Mar 252016
Speaker Tim Moore bent over like he's expecting his boy friend to show up (AP Photo/Gerry Broome)

Speaker Tim Moore bent over like he’s expecting his boy friend to show up (AP Photo/Gerry Broome)

I’m getting tired of hearing about and talking about public restrooms. I don’t particularly like having to use them, but I’m sure thankful they’re there sometimes. I suspect most folks feel the same.

But alas, the public restroom is under attack. Where once one could go for some semi-private release, it’s now a place where evil-doers and gender-obsessed perverts lurk. Public restrooms are now symbols of doom and perversion. And who are these evil-doers and perverts? Well, Republicans of course. I know you didn’t think I was going to say transgender people. That’s who Republicans think it is, and boy howdy, are they obsessed that a female might grab a look at their little pee-pees I guess, and I can understand how that would be an embarrassment to them.

Not to mention the fact that, statistically, you’re more apt to have a problem with a creepy Congressman pervert in the bathroom than with a transgendered person. Think about it.

So, what they want you to think is that just made some minor tweaks to what they call the Charlotte Bathroom Bill. House Speaker Tim Moore, the rightful face of this mess, put a post on his Facebook page last night trying to ‘splain it all away. He starts with:

1. We blocked Charlotte’s actions that would have allowed people of the opposite sex to use restrooms, locker rooms and changing areas in our public schools and agencies which would violate the privacy and potential safety of others.. It is simple, we don’t believe grown men should be allowed to go to the bathroom or take off their clothes in the presence of little girls. This was wrong and we stopped it.

Because this has never resulted in an issue anywhere in the country, where transgendered people have pretty much always used the restroom of the gender identity.

Number 2 gets even more weird:

2. This law clarifies that cities and counties cannot exceed the authority given to them under state law. If Charlotte had not exceeded its authority we would not have had to do anything at the state level.

Why is this weird? Well first off, it goes to one of the most important rights enshrined in the Constitution, the right of the people to petition their government, and the Constitution assumes that to be at any level. The whole idea is, if you can’t get your national leaders to respond, you can petition your local leaders. In fact, the Republicans are always trying to say government should be smaller and more local, and in fact, in a News & Observer article from November last year, Governor McCrory is calling on the A.G. Roy Cooper to file a friend-of-the-court brief in support Virginia’s attempt to prevent a transgendered high schooler from using the appropriate restroom. “It must be stopped before our state’s schools are impacted,” McCrory wrote. “North Carolina schools are already capable of working with students struggling with their gender identity in a compassionate manner to accommodate their needs while preserving the rights of students and parents.”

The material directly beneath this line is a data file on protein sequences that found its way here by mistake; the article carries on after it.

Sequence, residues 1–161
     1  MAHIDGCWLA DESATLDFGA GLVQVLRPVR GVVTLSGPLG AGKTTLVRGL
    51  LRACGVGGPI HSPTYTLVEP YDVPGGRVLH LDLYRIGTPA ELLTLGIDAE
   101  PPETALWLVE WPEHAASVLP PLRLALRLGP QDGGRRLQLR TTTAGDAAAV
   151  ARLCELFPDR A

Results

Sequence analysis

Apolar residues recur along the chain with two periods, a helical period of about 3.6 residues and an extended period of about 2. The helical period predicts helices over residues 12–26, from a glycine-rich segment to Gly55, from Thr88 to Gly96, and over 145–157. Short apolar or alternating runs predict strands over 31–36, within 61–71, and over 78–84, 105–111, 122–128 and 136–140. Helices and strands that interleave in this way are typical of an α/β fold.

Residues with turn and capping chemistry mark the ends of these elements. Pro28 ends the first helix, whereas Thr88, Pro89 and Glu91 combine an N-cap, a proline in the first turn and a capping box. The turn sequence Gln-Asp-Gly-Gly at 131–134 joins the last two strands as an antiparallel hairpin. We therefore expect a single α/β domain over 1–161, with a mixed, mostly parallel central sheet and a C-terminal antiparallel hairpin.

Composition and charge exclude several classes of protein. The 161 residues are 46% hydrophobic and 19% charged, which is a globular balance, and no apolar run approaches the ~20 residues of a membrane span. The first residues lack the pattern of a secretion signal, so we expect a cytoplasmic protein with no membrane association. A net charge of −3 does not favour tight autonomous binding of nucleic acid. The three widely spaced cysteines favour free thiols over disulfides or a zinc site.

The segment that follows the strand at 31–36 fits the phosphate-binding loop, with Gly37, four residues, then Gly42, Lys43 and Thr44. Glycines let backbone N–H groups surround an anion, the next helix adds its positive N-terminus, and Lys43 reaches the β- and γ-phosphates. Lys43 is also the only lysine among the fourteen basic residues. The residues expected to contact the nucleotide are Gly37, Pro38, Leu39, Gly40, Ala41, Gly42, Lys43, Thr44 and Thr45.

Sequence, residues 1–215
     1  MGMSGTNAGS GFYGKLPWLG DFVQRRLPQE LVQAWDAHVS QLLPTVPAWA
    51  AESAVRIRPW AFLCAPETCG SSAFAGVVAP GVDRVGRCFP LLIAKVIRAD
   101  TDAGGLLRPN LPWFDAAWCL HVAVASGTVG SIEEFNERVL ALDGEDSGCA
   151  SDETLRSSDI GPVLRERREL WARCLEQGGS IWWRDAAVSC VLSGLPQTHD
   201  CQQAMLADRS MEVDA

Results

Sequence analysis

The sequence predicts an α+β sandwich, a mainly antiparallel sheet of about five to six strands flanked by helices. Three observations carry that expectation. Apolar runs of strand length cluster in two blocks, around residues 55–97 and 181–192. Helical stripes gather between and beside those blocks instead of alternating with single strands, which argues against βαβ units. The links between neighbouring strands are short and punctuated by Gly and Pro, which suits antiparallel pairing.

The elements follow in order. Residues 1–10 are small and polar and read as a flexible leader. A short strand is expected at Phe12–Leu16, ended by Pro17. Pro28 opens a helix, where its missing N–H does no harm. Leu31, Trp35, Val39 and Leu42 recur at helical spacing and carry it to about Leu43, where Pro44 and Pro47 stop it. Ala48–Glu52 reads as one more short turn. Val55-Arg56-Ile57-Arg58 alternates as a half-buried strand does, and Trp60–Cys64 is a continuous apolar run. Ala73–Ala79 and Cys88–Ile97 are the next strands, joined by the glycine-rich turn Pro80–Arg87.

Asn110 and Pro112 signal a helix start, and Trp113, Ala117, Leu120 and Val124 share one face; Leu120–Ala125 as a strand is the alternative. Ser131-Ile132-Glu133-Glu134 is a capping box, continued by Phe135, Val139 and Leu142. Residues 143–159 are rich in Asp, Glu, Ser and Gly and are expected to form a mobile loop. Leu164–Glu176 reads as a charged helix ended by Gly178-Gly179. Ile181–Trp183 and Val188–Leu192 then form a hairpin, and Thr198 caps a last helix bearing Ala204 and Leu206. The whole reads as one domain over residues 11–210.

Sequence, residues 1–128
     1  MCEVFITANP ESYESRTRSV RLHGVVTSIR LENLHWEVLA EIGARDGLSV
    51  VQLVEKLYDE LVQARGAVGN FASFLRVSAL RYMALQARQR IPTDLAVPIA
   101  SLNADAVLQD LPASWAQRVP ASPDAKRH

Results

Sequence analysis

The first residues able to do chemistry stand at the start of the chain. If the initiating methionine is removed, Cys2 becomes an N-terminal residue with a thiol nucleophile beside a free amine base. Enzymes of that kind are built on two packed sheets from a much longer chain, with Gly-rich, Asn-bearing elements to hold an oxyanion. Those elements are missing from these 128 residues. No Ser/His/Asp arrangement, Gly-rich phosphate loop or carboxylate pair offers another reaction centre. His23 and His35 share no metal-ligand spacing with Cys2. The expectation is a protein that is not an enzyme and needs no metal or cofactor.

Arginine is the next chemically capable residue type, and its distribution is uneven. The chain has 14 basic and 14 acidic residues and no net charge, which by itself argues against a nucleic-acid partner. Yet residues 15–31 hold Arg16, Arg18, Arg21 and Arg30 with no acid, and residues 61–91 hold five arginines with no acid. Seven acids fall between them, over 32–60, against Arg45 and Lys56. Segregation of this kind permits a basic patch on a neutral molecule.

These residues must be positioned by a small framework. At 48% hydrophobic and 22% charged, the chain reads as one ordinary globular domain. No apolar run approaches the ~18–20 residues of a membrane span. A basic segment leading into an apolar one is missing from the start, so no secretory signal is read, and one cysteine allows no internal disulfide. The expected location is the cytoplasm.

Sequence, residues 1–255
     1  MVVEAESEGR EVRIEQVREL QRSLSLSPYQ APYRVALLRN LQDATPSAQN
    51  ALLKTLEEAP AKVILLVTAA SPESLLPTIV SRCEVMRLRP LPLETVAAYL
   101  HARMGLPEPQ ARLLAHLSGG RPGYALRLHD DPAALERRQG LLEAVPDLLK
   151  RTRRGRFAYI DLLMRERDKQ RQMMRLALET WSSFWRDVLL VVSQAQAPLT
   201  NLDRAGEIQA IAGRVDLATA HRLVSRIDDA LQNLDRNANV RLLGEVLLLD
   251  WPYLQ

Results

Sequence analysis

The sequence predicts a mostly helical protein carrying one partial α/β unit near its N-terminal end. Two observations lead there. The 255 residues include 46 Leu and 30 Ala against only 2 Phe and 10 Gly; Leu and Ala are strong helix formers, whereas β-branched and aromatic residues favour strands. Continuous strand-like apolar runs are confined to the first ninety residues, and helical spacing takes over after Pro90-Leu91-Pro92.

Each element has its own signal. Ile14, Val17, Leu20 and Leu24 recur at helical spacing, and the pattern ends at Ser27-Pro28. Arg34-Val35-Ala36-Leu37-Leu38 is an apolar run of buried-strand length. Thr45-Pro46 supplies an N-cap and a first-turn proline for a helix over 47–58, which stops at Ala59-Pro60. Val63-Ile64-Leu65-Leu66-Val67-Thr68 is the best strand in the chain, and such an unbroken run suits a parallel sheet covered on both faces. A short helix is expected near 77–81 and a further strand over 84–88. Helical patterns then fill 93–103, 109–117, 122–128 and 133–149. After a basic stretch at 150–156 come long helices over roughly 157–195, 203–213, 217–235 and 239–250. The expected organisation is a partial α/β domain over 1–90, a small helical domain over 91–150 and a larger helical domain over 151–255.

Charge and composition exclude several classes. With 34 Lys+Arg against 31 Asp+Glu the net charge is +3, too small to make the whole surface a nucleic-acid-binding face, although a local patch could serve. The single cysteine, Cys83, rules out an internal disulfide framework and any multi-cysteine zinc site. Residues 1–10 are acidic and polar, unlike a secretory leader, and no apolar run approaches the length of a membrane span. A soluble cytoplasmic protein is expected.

But here’s where it gets really weird, McCrory spokesman Graham Wilson said in an email Monday afternoon that the governor is “not opposed to transgender bathrooms” but “supports leaving that and other decisions to the local officials.” Notice that thing about leaving it to local officials…unless of course, the local officials don’t pander to the politics of fear and division.

3. This law applies to public facilities. Contrary to what others are saying, private companies can have any kind of employment and workplace policies they want to have.

So this one just means that they took away protections from transgendered people at work. They’ll have to hold it all day if they don’t work for a progressive company.

5. For the first time in North Carolina we now have a statewide non-discrimination policy that defends the federally recognized protected classes: race, religion, color, national origin and biological sex.

Just for the sake of clarity, this is statement exposes its own bullshit quotient. There was always a “statewide non-discrimination policy” precisely because, as the statement notes, there was already a federal one. I guess the Constitution is a hard thing for Tim to understand, being a lawyer and all, but the there is this little thing called a supremacy clause, and it says that federal laws apply to that states as well. Maybe Tim needs a School House Rocks video or something to help him understand the Constitution.

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